Gas wants cleaner billing

14/05/2009 - 00:00


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RESPONSIBLE for more than half of Australia's greenhouse gas emissions, the energy sector will be one of the biggest industries affected by the Carbon Pollution Reduction Scheme (CPRS).

Gas wants cleaner billing

RESPONSIBLE for more than half of Australia's greenhouse gas emissions, the energy sector will be one of the biggest industries affected by the Carbon Pollution Reduction Scheme (CPRS).

Key industry players are lobbying the federal government for assistance from the full brunt of the scheme, which for some would require expenditure of tens of millions of dollars in emissions permits each year.

Many want a similar system to the European Union emissions trading scheme, which allocates allowances to facilities based on their past emissions, not their expected emissions during the trading period.

This approach, called grandfathering, led to 95 per cent of emission permits being allocated free of charge, with most EU member states giving away all the permits from the initial allocation for free.

In particular, Western Australia's gas sector has called for the fuel to be recognised as a cleaner alternative to conventional fossil fuels, and for the role it can play in the transition to a carbon-constrained energy sector.

Up to 60 per cent of the state's generation comes from gas, with the rest from coal.

While natural gas burns 40 per cent cleaner than coal in terms of greenhouse emissions, the processing cycle of LNG is emissions intensive.

Gas-powered electricity generator ERM Power executive chairman, Trevor St Baker, said Australia should not move ahead of the world and bring in an emissions trading scheme that would have to be amended at a later date to fall in line with a global agreement.

In the meantime, he believes Australia should provide incentives for carbon abatement activities and not penalise emissions from current generators, particularly gas.

"We need to recognise that not only do investments in renewables have to be encouraged, but also investments in gas-fired generation have to be encouraged," he said.

"A price on carbon abatement, or carbon pollution reduction, provides an incentive for investment in the solution, whereas a carbon charge simply taxes and financially threatens the viability of electricity businesses in which investors and lenders are at risk of having past investments stranded."

The CPRS is also set to impose significant costs on the LNG industry.

Chevron Australia managing director Roy Krzywosinski said while the company believes many aspects of the CPRS are well designed, more could be done to ensure the competitiveness of Australia's export trade industries, such as LNG.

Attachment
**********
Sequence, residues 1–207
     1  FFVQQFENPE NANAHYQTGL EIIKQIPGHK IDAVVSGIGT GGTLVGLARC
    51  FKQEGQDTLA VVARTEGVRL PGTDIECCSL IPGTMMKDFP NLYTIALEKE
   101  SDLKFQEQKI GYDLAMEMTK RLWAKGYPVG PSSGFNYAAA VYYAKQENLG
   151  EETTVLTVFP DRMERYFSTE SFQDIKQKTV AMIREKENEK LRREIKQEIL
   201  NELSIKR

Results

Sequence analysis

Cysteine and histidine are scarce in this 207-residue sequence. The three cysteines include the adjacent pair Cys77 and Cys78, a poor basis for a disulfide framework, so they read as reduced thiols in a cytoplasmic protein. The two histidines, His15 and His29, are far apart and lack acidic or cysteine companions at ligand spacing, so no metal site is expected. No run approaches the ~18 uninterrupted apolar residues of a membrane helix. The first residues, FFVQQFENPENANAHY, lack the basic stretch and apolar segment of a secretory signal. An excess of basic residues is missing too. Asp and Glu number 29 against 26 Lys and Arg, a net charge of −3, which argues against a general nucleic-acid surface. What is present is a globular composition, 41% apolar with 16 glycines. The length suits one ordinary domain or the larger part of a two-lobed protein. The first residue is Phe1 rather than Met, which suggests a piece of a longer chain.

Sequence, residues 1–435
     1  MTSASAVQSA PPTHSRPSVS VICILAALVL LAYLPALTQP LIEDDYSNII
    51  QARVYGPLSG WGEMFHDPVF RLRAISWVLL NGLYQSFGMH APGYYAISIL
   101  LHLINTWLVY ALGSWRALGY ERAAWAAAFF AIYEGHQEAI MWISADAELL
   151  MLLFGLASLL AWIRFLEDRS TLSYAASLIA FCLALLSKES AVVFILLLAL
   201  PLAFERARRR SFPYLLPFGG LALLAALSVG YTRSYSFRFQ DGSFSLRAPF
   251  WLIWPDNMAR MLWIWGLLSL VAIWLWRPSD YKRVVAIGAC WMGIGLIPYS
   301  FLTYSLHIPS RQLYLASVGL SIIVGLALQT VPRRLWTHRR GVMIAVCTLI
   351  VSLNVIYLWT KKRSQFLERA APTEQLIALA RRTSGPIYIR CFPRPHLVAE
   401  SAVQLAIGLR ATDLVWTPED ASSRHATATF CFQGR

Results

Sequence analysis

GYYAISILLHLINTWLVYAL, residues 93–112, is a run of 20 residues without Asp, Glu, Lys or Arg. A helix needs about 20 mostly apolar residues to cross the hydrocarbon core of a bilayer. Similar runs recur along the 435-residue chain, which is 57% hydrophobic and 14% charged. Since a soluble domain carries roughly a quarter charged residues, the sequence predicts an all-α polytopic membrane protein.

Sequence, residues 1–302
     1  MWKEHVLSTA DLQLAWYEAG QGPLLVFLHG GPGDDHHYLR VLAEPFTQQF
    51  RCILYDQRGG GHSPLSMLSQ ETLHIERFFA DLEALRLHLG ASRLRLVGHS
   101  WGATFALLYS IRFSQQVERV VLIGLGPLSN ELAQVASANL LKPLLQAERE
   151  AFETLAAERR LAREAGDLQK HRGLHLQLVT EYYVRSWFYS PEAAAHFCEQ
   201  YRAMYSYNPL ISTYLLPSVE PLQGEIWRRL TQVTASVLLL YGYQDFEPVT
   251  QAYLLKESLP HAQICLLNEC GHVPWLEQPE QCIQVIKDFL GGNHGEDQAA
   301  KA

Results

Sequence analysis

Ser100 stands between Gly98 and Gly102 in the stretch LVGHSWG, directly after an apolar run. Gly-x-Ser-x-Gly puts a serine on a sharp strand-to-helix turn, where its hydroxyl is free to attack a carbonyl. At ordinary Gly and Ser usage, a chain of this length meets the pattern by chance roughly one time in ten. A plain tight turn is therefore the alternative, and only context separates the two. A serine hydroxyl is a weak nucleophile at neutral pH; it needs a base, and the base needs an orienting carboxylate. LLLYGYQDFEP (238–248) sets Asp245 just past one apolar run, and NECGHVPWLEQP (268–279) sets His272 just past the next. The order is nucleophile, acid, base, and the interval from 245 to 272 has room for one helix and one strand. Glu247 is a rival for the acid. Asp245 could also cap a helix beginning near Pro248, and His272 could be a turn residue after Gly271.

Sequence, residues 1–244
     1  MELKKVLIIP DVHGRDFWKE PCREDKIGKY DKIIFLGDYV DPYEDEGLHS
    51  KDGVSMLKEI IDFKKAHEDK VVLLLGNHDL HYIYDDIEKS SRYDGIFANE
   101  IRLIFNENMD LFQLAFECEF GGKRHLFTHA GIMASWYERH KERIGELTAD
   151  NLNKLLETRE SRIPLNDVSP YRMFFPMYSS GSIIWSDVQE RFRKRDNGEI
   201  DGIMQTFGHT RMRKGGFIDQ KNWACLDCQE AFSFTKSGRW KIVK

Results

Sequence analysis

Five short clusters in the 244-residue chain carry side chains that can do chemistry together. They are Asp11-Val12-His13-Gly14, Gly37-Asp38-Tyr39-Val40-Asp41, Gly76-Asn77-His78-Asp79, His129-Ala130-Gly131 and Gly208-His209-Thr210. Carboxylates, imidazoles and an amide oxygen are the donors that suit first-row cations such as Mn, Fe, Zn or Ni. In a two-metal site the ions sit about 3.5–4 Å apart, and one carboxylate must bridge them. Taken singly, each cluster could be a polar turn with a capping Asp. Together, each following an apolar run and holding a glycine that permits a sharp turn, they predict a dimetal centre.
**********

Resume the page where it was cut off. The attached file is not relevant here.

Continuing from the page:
"As currently designed, the scheme imposes a cost on LNG without acknowledging the benefits that LNG can play in displacing more greenhouse-intensive sources of energy, like coal, fuel oil, around the world," he said.

"Australia already ranks among the world's highest in terms of LNG project costs.

"We believe there should be no net costs to LNG through the CPRS because LNG is part of the global solution to reducing global greenhouse gas emissions."

Wesfarmers Energy managing director Tim Bult agreed that LNG should become an essential fuel within the overall energy mix in Australia.

Last week, Wesfarmers Energy opened its $137 million LNG plant in Kwinana, which will produce 175 tonnes of LNG a day and support 130 heavy-duty vehicles, two remote power stations and a large industrial customer.

"Recent Australian government sponsored testing of a 15 litre LNG powered engine produced 25 per cent less greenhouse gas emissions than the equivalent diesel engine," Mr Bult said.

Gas generation dominates the government's investments for new electricity supply to upgrade Verve Energy's ageing fleet.

The government is spending $260 million on the construction of two 100-megawatt high efficiency gas turbines at the Kwinana Power Station.

Verve Energy is also investigating the possibility of refurbishing and re-commissioning Muja coal-fired power station stages A and B, which would cost about $100 million and deliver a total capacity of 240MW.

Verve managing director Shirley In't Veld said the global economic downturn and the proposed CPRS were causing investors to delay making commitments to build power stations.

She said the government's decision would ensure there was enough power to meet WA's electricity needs during times of uncertainty.

"This creates the risk of potential power shortages in the near future," she said.

Under the CPRS, coal-fired power generators are eligible for strongly affected industry (SAI) status, in the form of a one-off payment of free carbon permits distributed over the first five years of the scheme.

Enneaba Gas is also proceeding with its 168MW Centauri 1 gas-fired power station project near Dongara and is aiming to make the site 'carbon neutral' through the conservation of 1215 hectares of remnant bush, which will offset 30.5MW equivalent of carbon credits.


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